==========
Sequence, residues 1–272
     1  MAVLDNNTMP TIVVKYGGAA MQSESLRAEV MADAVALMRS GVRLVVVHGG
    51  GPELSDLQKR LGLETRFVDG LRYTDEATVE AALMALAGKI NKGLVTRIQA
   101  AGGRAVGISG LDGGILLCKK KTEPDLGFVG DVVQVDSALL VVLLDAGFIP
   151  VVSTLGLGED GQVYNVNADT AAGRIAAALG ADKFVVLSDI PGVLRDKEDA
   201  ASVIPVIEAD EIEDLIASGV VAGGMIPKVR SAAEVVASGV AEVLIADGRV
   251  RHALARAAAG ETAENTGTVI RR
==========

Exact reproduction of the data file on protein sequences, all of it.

Sequence, residues 1–272
     1  MAVLDNNTMP TIVVKYGGAA MQSESLRAEV MADAVALMRS GVRLVVVHGG
    51  GPELSDLQKR LGLETRFVDG LRYTDEATVE AALMALAGKI NKGLVTRIQA
   101  AGGRAVGISG LDGGILLCKK KTEPDLGFVG DVVQVDSALL VVLLDAGFIP
   151  VVSTLGLGED GQVYNVNADT AAGRIAAALG ADKFVVLSDI PGVLRDKEDA
   201  ASVIPVIEAD EIEDLIASGV VAGGMIPKVR SAAEVVASGV AEVLIADGRV
   251  RHALARAAAG ETAENTGTVI RR